Steven Matz is being compared to Mike Leake and I got to be honest that’s a very weird comparison. We don’t need to compare every seemingly mediocre signing to Mike Leake. These guys aren’t all that alike to be honest. Leake had both less upside and more certainty than Matz does. Leake was a model of consistency with about as little upside as someone could possibly have. Matz does have upside – look at his prospect history – and more downside – look at his career. If you want to compare Matz to someone the Cardinals recently signed – and you would vastly prefer to the Leake comparison – look at Dexter Fowler.
Fowler was a mostly mediocre outfielder for most of his career, until suddenly he was the leadoff hitter on a World Series winning team that I’ll not mention. And he had a career year. He parlayed that into a five year deal. Matz doesn’t have the playoff history, but he had a career year right before free agency after years of being a mediocre player.
Of course there are significant differences between the two, with more reason for optimism than the comparison suggests. First off, the situation in outfield near immediately made signing Fowler look stupid. Tommy Pham emerged in the same year Fowler was signed and was a better defensive centerfielder – they never sign Fowler if they see Pham coming. Harrison Bader arrived soon after. Centerfield appeared to be a huge need and it was very much not a need very quickly.
This is not likely to happen at starting pitcher. If Matz is even mediocre, there will be a spot for him and he won’t be blocking anyone. We’ve seen the value of having mediocre pitchers last year – by not really having them and suffering for most of the year. It is unexciting. But it’s something the Cardinals very much need and are likely to need over the course of his four years.
There’s also the matter of the salary difference and this is really where the Leake and Fowler comparisons crumble. He’s getting paid essentially half of what those guys got. And this is five and four years afterwards. Obviously the market changed a bit in the intervening years, but the contract difference makes this immediately better. Matz is getting paid to be a 1.2 WAR pitcher per year. That’s… nothing.
One other thing that’s been confusing to me has been calling Matz a groundball pitcher. I guess this is one of those things that’s technically true, but Dakota Hudson this is not. Maybe I have too high of a standard when I think “groundball pitcher” but Matz got less groundballs last year than Adam Wainwright. And John Gant. Among pitchers with at least 100 innings pitched, he ranked 42nd. He’s more of a groundball pitcher than not granted. He did use to be more of a groundball pitcher as well. But I don’t know, as someone who didn’t really pay attention to Matz much, heard he was a groundball pitcher, and saw the 45.5% number – I was expecting 50%+ personally.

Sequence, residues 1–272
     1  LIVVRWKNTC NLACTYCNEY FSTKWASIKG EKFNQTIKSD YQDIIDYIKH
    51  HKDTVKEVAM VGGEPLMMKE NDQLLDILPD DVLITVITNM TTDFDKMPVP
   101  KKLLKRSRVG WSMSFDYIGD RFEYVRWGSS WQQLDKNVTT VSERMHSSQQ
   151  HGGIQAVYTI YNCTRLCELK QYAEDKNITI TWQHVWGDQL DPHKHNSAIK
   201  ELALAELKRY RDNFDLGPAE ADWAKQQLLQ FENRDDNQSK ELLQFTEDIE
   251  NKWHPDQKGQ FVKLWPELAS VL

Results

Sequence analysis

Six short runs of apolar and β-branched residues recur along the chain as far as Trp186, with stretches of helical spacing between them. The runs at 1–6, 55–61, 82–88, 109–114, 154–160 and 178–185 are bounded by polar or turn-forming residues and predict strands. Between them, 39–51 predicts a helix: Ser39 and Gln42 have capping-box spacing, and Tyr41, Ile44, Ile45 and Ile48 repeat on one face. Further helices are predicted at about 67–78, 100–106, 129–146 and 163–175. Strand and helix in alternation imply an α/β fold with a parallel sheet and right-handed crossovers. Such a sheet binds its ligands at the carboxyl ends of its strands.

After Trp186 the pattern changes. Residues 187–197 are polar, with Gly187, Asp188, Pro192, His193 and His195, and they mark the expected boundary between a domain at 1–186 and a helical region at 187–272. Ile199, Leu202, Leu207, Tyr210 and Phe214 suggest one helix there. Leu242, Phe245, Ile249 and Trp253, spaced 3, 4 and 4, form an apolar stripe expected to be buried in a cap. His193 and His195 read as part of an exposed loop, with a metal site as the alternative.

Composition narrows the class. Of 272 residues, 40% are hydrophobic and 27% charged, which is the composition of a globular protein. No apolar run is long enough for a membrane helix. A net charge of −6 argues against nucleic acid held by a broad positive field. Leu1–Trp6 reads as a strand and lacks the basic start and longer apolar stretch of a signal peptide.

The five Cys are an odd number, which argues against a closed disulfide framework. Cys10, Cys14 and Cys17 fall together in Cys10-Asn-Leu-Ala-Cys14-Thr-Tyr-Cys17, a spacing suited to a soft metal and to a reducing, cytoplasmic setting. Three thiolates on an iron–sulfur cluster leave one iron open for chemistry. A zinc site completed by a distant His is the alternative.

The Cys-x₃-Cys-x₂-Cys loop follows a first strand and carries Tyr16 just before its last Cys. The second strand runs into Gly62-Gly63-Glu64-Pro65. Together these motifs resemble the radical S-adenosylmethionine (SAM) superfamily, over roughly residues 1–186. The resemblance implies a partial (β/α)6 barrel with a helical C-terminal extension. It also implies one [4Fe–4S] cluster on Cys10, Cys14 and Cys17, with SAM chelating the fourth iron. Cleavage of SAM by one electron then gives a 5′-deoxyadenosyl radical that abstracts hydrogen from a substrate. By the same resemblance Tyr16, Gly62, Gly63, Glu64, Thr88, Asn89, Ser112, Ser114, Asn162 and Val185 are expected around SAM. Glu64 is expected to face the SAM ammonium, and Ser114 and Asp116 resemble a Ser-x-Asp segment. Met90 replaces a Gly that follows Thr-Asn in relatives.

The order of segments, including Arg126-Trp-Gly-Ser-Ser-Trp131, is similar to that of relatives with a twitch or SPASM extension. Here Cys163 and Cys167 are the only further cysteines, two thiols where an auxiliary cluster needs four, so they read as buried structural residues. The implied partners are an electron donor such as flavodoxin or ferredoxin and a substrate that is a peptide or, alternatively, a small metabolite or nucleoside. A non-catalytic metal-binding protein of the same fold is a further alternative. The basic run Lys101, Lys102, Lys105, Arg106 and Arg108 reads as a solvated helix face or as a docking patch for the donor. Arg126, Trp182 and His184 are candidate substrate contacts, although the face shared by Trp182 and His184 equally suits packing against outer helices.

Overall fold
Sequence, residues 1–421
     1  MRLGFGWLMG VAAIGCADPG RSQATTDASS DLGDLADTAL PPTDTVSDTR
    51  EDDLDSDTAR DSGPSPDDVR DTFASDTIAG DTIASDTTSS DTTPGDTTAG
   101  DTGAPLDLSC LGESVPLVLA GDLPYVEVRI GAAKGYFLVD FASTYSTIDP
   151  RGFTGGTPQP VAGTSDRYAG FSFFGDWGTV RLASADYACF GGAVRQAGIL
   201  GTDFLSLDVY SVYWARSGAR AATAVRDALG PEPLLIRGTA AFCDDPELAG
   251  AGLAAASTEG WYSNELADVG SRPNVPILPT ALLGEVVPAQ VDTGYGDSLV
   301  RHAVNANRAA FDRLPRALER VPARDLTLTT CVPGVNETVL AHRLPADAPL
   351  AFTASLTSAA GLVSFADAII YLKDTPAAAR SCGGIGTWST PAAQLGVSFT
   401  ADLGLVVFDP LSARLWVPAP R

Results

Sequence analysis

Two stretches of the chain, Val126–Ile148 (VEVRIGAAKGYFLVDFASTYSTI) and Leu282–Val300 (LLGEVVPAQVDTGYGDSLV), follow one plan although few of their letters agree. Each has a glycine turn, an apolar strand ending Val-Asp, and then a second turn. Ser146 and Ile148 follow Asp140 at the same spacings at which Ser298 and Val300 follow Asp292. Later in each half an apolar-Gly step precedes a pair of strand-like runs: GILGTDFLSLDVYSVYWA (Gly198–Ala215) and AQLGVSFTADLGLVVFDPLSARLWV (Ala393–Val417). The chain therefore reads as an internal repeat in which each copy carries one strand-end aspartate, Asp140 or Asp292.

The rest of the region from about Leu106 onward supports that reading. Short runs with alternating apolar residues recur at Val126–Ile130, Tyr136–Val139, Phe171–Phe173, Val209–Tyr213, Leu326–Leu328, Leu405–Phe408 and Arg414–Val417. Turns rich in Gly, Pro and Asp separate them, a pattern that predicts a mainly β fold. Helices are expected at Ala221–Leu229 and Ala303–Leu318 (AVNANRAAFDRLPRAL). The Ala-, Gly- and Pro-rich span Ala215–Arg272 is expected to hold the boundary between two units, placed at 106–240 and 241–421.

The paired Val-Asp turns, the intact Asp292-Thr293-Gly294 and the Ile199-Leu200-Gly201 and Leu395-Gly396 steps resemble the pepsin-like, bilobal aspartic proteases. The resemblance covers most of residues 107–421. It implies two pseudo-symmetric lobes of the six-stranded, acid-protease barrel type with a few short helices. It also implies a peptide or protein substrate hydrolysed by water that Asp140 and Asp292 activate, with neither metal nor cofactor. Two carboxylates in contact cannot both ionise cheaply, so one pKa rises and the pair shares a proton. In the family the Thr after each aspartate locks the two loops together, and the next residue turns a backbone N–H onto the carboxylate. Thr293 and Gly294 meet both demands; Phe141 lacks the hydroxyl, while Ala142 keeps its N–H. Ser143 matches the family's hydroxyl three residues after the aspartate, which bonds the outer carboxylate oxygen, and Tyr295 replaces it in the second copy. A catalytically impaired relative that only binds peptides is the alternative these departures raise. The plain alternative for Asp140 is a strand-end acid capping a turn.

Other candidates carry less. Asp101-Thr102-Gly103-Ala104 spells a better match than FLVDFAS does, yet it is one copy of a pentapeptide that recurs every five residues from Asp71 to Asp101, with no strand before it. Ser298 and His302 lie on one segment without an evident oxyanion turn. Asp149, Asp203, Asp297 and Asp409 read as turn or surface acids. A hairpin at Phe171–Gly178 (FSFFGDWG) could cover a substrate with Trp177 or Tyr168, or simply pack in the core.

Matz is projected by Steamer to be worth 2.5 WAR next year. It’s a tiny bit optimistic on the innings, but not by much. They have him throwing 161 innings in 29 starts. In three of the past four years – excluding 2020 – Matz has thrown 154, 160 and 150.2 IP. He’s nobody’s idea of an innings eater, but keep in mind those numbers are roughly comparable to the 180 IP of years past – starting pitchers just throw less innings now.
Let’s knock off 0.2 WAR off that figure for the innings and see how his contract looks. Using my typical and imperfect “knock of 0.5 WAR for every subsequent season” – Matz is projected to be worth 6.2 WAR over the course of the contract. Which makes this contract a verifiable bargain. Over a four year contract, he “should” get a 4 year, $62.1 million deal.
Fangraphs Top 50 free agent pool – which I have referenced many times – had former VEB writer Ben Clemens seeing a 3 year, $42 million. Crowdsource number landed at 3 years, $38 million. I realize Matz is unexciting, but honestly this contract is way, way, way, way, way better than Mike Leake’s contract and that makes him nothing at all like Leake. In baseball, contracts or team control are everything. Matz is pretty unlikely to become an underwater contract and that doesn’t happen much with four year deals for free agents.
The next question is: are they done? I genuinely don’t know. John Mozeliak has emphasized they are focusing on pitching and his words certainly implied he was looking at more than one pitcher. But does that mean starting pitcher and sign a few relievers? That would in theory seem more likely, but at the same time – I did not at all get that vibe from Mozeliak’s comments. So here’s hoping there’s at least one other move – Nick Martinez would be a VERY Cardinals move that would not require committing to him to the rotation even though he would absolutely be needed for the rotation soon enough. He would also not be very expensive.
But I don’t know the budget, you don’t know the budget, and without knowing the budget, none of us can predict what the Cardinals will or will not do next. I’m just not going to get mad at a bargain contract for a pitcher the Cardinals absolutely needed.